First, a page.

The weapons in DUSK are exactly what you would expect from a first-person shooter of that era. You have your token melee weapon, pistols, shotguns, etc. The weapons, while fun, don’t feel like they have much oomph to them. But they get the job done, and there is enough variety to usefulness for each weapon that you’ll find yourself using each pretty regularly—depending on the situation.
There are also a multitude of pick-ups and power-ups to help cut down the hordes of enemies. Pick-ups allow you to fire faster, survive lava, or even wall climb. There is even a power-up that mimics the “enemies move when you move” gameplay style of Superhot. As fun as that power-up is, though, I found it more annoying than useful. There are also plenty of secrets to find, with some levels having many such secrets to uncover.
There are three episodes total to play through, with each episode consisting of about nine levels each. You’ll be fighting through various locations, like farmsteads, secret laboratories, military bases, and ancient ruins on your journey to stop the source of the evil.
The level designs in DUSK range from the mundane to the inspired. Some levels are completely forgettable, and others use ideas that I have never even seen before in a first person shooter—old, or new. I don’t want to get into too many specifics, lest I spoil some neat moments, but rarely did I find myself bored with DUSK’s levels. Sometimes it may be a little hard to figure out where to go next (there are no waypoints) but each level is small enough to be run through in about five minutes—shorter if you know where to look. There are plenty of shortcuts and other interesting areas that make DUSK seem perfect for speedrunning.
In classic first-person shooter style, most of the time the only thing blocking you from progression through each level is locked doors. Red, yellow, and blue keys are usually scattered about, and finding them is the only to progress. Just hunting for keys isn’t fun, so DUSK likes to throw surprises out to make your trek back to locked doors either more hazardous—or in some cases, outright trippy.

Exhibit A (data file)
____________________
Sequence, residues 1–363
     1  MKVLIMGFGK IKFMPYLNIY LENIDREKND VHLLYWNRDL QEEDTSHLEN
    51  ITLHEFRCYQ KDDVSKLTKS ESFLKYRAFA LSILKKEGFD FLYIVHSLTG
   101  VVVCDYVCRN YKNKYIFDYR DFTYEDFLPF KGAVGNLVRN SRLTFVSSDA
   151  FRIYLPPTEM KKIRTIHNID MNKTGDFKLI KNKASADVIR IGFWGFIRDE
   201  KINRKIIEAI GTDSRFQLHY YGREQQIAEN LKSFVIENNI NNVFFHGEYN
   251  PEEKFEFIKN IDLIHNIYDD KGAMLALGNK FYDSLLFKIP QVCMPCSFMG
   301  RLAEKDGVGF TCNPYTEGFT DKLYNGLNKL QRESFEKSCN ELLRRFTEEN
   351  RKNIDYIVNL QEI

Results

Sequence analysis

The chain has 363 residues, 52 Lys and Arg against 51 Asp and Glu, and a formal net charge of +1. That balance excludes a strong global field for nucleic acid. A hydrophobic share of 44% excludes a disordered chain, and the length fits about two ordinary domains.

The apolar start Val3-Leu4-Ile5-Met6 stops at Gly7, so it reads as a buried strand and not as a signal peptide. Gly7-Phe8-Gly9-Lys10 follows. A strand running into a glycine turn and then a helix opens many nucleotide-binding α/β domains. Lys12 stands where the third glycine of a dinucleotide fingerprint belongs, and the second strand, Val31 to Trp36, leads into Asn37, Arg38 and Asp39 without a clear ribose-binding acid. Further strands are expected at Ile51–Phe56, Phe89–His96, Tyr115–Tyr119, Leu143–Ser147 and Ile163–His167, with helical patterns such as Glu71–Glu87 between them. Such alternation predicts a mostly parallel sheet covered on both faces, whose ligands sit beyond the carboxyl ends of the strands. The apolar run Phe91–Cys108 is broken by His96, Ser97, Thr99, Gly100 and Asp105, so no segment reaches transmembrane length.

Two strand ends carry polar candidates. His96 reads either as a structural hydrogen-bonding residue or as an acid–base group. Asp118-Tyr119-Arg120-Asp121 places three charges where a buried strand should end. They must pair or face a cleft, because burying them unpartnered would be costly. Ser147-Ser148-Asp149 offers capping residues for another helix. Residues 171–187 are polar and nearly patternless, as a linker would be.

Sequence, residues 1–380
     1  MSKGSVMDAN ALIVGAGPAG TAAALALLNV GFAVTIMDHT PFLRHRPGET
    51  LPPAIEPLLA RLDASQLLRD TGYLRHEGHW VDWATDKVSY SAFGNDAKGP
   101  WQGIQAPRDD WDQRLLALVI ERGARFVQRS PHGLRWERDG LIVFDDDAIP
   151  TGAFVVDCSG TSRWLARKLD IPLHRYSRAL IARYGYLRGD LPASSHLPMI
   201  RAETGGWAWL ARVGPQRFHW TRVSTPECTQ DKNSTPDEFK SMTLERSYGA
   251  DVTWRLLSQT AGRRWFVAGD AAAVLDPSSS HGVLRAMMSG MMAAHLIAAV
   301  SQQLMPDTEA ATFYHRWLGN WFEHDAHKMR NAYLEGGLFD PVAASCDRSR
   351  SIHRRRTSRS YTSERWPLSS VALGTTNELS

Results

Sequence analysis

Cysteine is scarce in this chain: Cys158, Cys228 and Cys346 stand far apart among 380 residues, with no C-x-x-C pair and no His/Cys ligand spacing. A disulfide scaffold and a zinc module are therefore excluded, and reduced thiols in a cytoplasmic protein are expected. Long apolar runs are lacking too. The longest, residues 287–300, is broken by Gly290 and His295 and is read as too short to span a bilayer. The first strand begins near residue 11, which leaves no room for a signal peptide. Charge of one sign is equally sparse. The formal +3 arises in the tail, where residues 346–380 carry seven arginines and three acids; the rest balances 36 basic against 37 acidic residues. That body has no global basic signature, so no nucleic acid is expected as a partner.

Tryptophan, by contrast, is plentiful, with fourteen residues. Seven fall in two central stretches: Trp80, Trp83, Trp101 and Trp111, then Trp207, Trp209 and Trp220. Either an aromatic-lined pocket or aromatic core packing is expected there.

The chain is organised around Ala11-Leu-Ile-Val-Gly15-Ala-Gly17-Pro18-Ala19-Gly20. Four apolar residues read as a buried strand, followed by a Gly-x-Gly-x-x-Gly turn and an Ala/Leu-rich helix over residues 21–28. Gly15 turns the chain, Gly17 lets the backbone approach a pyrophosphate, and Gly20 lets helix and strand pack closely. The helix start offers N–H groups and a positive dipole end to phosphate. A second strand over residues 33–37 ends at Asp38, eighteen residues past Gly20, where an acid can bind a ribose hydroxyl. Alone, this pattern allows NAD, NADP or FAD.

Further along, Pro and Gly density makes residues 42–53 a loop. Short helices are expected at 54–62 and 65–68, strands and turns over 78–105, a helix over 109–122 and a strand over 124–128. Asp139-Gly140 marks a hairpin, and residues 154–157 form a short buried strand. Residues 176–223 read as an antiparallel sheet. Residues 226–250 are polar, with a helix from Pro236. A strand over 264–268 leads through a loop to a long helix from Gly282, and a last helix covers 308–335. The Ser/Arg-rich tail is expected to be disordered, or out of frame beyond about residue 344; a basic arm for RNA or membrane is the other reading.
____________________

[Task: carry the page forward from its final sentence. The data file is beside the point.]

Even the options in DUSK help maintain an “authentic” retro experience. You can even change the graphic levels to make it look more authentically retro. I was even able to set it up to look exactly like Quake did on my crappy Pentium 90 that was barely able to run it. Despite these graphic filters, I think DUSK looks great with its low polygon aesthetic.
The soundtrack and sounds are all spot-on, too. The soundtrack is appropriately heavy for most of the game, and gets your blood pumping appropriately for the amount of polygonal chunkiness you’re about to unleash. The sounds themselves are also “authentic,” with the perfect balance to make them sound like they were recorded as .WAV files back in the 90s.
DUSK fully embraces its retro nature. As with graphics and gameplay, even the multiplayer has a retro feel. With its multiplayer component an obvious homage to Quakeworld, DUSKWORLD is your online portal and your window to fragging other players. Now you don’t have to worry about your mom picking up the phone and killing your internet connection. Despite that, it doesn’t seem like many people are regularly playing DUSK’s multiplayer. I jumped into a match, but with only two other players on that particular server (the most populated I could find) I don’t think there was enough time make an accurate assessment of its capabilities. It looks like a hell of a lot of fun, though!
DUSK succeeds where a lot of similar titles have failed. Games like Strafe tried SO HARD to give us that classic 90’s shooter feel, but managed to only get the pixelated look with barely any of the flavor or feel. DUSK feels like a modern version of classic, deserving to sit right alongside Duke 3D or Quake. With little modern quality of life improvements, some gamers may find DUSK a little unpalatable, but it perfectly does what it sets out to: recreate the 90’s shooter look and feel.
This article was originally published on 12/18/2018 at this location.